Kunti, herself was adopted but the reason for her adoption is very unusual, unlike her eldest son. Born as princess Pritha to King Sursen, she is given away to his childless friend King Kuntibhoj, who renames her Kunti after himself.

A similar case is seen in the Ramayana with Shanta, the daughter of King Dashrath of Kosala and Queen Kausalya who is later adopted by the childless King Romapad of Anga and his wife Vershini, Kausalya’s sister.

Two odd instances are of Krishna and Kartikeya. Krishna though born to princess Devaki of Mathura, is brought up by an unsuspecting foster mother, Yashoda, the wife of Nanda, the chief of the Gopas, in far off Gokul.

Likewise, Kartikeya is raised by numerous ‘mothers’ –  goddesses like Parvati, Ganga, Sharavana (the goddess of the forest) and the Krittikas, the six star-goddesses besides a pair of male gods as well –  Agni (the fire-god) and Vayu (the wind-god) bringing out the unconventional definition of family, where a child is known by the person who rears him and not incontrovertibly who bears him.

Motherhood is not necessarily a woman’s fate and future; neither  defining nor ‘completing’ her.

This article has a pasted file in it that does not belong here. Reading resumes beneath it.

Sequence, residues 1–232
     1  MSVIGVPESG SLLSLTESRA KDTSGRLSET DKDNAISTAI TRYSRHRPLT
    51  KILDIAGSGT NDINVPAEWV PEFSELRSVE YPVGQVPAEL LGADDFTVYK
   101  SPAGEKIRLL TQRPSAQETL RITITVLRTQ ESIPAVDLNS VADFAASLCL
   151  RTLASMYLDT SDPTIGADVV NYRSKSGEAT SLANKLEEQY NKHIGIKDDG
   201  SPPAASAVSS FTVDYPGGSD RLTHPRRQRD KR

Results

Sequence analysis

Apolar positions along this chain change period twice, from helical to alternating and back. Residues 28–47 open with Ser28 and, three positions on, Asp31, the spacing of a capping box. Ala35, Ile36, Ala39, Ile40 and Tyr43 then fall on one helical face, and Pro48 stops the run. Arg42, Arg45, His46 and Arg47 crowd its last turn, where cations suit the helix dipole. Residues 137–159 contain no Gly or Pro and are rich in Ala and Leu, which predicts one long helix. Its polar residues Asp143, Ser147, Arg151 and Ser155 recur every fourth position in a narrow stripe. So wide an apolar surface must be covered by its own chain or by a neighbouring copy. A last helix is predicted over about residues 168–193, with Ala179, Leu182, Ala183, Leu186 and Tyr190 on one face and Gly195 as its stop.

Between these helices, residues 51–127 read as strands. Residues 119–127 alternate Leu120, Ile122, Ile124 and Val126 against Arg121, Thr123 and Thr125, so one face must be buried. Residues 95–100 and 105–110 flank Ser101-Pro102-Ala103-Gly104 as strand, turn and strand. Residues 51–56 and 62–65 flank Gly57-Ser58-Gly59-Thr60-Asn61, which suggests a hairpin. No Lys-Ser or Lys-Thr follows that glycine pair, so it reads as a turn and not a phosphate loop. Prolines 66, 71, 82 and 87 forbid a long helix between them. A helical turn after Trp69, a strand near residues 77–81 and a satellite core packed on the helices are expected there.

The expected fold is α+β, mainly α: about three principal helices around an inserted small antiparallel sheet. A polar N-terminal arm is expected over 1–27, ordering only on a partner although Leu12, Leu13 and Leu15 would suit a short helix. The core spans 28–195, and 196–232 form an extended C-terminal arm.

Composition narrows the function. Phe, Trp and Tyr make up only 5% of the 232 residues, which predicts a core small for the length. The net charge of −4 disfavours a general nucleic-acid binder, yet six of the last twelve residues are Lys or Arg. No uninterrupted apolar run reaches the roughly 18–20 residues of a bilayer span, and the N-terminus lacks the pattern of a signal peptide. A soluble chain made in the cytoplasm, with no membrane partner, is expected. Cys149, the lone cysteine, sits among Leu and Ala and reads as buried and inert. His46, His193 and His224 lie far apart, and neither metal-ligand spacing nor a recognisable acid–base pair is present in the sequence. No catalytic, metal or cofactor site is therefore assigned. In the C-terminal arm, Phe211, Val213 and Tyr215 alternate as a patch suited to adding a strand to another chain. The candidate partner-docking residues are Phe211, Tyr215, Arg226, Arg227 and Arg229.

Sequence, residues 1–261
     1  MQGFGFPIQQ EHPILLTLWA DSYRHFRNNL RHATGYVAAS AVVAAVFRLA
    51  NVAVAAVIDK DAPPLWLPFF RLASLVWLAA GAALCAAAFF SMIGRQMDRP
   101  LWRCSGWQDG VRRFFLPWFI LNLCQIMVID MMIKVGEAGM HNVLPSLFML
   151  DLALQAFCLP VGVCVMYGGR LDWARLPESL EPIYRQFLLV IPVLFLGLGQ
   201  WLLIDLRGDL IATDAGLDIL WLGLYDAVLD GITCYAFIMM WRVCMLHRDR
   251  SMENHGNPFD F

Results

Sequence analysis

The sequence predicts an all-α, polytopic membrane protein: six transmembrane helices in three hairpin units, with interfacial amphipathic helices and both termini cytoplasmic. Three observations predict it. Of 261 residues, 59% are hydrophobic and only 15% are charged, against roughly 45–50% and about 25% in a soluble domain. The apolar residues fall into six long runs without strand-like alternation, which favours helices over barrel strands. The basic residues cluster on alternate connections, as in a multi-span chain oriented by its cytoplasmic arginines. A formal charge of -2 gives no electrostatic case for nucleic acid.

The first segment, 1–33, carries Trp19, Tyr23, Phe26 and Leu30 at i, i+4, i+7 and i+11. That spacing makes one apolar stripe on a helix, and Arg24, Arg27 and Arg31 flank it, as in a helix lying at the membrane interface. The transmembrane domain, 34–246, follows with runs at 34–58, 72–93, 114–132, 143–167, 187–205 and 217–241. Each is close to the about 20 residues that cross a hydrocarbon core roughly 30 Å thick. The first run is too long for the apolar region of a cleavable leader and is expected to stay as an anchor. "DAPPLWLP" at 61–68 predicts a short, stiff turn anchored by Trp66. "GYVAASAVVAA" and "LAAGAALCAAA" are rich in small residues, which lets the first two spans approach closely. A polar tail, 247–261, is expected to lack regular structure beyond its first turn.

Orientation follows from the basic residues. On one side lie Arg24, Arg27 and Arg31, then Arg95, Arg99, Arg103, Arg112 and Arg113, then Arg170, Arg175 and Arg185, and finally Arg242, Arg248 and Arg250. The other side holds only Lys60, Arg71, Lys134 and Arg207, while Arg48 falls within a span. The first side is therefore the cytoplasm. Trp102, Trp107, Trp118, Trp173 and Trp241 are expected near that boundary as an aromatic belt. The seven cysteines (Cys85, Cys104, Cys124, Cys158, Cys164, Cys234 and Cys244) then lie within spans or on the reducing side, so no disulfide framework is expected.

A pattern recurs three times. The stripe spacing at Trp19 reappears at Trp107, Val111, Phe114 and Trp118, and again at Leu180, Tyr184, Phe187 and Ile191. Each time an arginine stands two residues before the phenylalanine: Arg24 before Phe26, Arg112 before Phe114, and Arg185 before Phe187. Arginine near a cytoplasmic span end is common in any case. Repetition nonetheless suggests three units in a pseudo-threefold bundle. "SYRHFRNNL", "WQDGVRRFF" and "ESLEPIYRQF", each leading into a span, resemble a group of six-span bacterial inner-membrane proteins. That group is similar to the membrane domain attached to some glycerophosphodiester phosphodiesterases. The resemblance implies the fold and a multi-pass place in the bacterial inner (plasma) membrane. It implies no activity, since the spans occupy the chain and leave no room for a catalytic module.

With adopted fathers like Kanva, and Dasharaj the concept of selflessness, a prerogative attributed to maternal love, is redefined. You need not be a mother to bear a child or become a father by begetting one.  When the apsara Menaka abandons her two daughters Pramadvara (from the gandharva Vishwavasu) and Shakuntala (from rishi Vishwamitra), she does not feel guilty, or that she has missed her destiny. Other apsaras too are known to desert their children to be later adopted by either kings or rishis.

Touching affiliated topics like illegitimacy, bigamous marriages, spousal abandonment, mythology ironically does not always reaffirm the motherhood myth. It quite often shatters the stereotype of the ‘naturalness’ of motherhood or the ‘curse’ of childlessness and the dread of barrenness.  King Bharat disillusioned with his nine sons, adopts another – Bhumanyu – to declare him his heir.

An abandoned Shakuntala instills the life of Kanva with a new purpose. For King Janak or the fisherman Dasharaj, it is not about a life of lacking, with a loss of what might have been: they adore their daughters.

All these tales in mythology reveal the surrogate form of families, where a father bring up a child without a wife, a mother loves another’s child as her own and children of such giving parents grow up to be happy, healthy adults, always the winner, never the whiner.

Adoption is rarely shown as an act of desperation but a kindly choice, even a happenstance or an odd circumstance, but it leaves all with a contented, fulfilled life.

 

Adopted Children in Hindu Mythology
  • Sita
  • Shakuntala
  • Karna
  • Kripa and Kripi
  • Kartikeya
  • Bhumanyu/Vitath
  • Satyavati
  • Kunti
  • Shanta